The World beats a path to our door
Leave.EU reports that many countries have already expressed an interest in setting up new trade deals with a newly-liberated UK. It lists the USA, Canada, Mexico, South Korea, Switzerland, Australia, New Zealand, India, Ghana and Iceland, for a start. This is powerful good news only days after the referendum result.
New Zealand offers help with trade negotiations: A real problem for an independent Britain will be our loss of trade negotiation skills, now that we’ve let the EU negotiate our trade deals (very badly) for 43 years. Rushing to the rescue comes New Zealand, to offer the loan of their top trade negotiators, who would relish the role of helping what they used to call “the Mother Country” to get good trade deals with the EU, and with other countries around the world. Meantime Australia is hinting that a trade deal with the UK might take priority over a trade deal with the EU.
I sense that the world is losing patience with the EU – its preaching, its patronising, its posturing, its virtue-signalling, its persistent attempts to impose its own ideological priorities on its trading partners. There is perhaps a touch of schadenfreude over recent events. There certainly seems to be a healthy appetite to resume positive, practical and pragmatic trade relations with the world’s fifth largest economy, and the first major economy to break free from the EU – a newly liberated UK.
No compromise on free movement
Yesterday we had Cameron’s “ultimatum” that the EU must find ways to control immigration. Today, the big Non from Brussels. No surprise there – that has always been their line. Face it Boris. And Dan Hannan. The one fundamental promise of the Leave campaign was control over our borders. We’ll see your heads on pikes at Tyburn Hill if you renege on that one. And that finally rules out the Norway Plus model (= “membership in all but name”) which you’re contemplating. Brexit means Brexit. Free, independent, but with an EU FTA. That’s what we voted for. That’s what we expect to get.
There seems to be one dissenting voice. The Mail reports that France has said the UK could have a trade deal and also control its borders. We’ll see if Merkel will agree.
Sturgeon woos Brussels
Nicola Sturgeon is using the Brexit result in Scotland to agitate for Scottish independence “within the EU” (as though that were not a contradiction in terms). She was firing off in all directions, threatening to dump the Pound and join the €uro (scarcely a vote winner, even in Scotland). She seemed to imply that Scotland could sashay smoothly from UK status to “independence” in the EU, so Scots could vote for independence secure in the knowledge that the morning after they would wake up as EU citizens again, and all their pounds would magically turn into Euros.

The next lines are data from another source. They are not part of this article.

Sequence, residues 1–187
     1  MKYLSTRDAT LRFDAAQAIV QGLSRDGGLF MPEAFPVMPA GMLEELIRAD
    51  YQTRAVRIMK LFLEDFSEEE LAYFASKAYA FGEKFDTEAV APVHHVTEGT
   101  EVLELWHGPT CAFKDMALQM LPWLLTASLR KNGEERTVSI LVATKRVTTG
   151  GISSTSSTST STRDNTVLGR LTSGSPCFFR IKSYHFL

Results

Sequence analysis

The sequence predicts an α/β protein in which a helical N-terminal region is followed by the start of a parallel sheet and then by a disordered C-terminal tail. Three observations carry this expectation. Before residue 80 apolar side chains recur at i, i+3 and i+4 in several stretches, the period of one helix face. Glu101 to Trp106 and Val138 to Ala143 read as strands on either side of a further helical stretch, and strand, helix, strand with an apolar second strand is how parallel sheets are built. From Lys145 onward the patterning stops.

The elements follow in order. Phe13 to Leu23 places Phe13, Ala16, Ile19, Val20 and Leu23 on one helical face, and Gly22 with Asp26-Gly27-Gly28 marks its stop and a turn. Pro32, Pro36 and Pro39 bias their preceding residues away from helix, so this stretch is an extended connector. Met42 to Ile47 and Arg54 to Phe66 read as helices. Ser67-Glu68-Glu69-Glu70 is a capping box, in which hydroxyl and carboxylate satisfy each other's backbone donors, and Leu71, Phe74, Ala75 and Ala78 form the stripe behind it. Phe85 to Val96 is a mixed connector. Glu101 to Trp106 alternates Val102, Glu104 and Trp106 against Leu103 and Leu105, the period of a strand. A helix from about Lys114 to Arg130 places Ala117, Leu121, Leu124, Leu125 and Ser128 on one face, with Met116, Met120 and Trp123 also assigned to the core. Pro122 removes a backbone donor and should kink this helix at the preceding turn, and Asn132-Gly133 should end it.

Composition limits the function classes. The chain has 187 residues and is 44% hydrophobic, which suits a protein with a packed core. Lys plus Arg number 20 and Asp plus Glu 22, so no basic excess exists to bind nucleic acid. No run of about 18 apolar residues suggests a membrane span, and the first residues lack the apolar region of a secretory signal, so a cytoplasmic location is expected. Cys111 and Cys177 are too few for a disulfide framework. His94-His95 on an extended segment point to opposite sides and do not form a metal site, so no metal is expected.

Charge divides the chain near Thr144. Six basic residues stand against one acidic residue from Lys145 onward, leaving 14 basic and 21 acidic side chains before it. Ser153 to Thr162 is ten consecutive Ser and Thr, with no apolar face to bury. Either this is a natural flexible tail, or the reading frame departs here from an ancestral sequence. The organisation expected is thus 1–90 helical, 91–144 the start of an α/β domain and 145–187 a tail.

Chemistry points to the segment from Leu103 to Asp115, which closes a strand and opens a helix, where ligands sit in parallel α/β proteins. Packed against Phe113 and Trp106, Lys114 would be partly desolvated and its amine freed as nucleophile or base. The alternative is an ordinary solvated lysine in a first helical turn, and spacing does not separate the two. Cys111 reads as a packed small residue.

This dream was kyboshed by EU officials, who say that Scotland would have to achieve independence first, and then re-apply for membership. Like other new members, they would have to accept the whole EU acquis – losing the opt-outs that successive British governments have obtained. There is simply no mechanism in the treaties for a part of a member-state to leave the EU, with another part remaining. The period of uncertainty between Scotland leaving the UK, and an independent Scotland joining the EU, would be challenging, and fraught with the very uncertainty that Sturgeon is trying to avoid.
Sturgeon is coming to Brussels this week, and had requested talks with Council President Donald Tusk. He has observed the proprieties and said that he cannot begin discussions with her until the British government triggers the Article 50 process. Parliament President Martin Schulz has agreed to meet her, while Juncker has taken a middle course – he said he was prepared in principle to talk to her, but right now his diary is a bit congested. Then he found her a few minutes. But she will find great resistance to Scottish membership from other member-states fearing their own regional secessionists. Spain and Catalonia spring to mind.
It will not be a very happy position for Brussels to lose the UK, a major budget contributor, and find it replaced by Scotland, which is likely to be a net recipient.
Today’s Telegraph reports that both François Hollande and Mario Rajoy of Spain have said Non to Scottish EU accession. Back to the drawing board, Nicola.
The shibboleth of the Single Market
The Single Market seems to have acquired a special place in the hagiography of the Brexit debate. Everyone (more or less, except UKIP) seems to believe it’s beyond criticism, up there with Motherhood and Apple Pie. Anyone who questions it is committing a dreadful social gaffe, and is really beyond the pale. I remember when I was a very new Tory MEP, around the turn of the century, I would give speeches criticising the EU, and often someone would ask “But isn’t there anything good about the EU?”. And thinking it would be churlish to say “Nothing”, I used to reply with the Central Office mantra: “The Single Market is a great Conservative achievement”. But now I put my hand up. I was wrong.
Not a free trade area: Many people seem to think that the EU is about free trade. Nothing of the kind. The EU is an old-fashioned, 19th century-style Customs Union, modelled on Bismarck’s “Zollverein” which he used to unify the diverse principalities of Germany into a single state (with dire consequences for the 20th century). This is the exact pattern conceived in the EU to unify Europe’s nations. But the Customs Union is an inefficient economic model – so much so, that the EU is the only substantial Customs Union remaining on the planet. Free trade areas work much better. This is part of the reason why the EU is also the only major economic area in the world in long-term relative decline (and the second slowest growing continent – after Antarctica, as BoJo likes to say).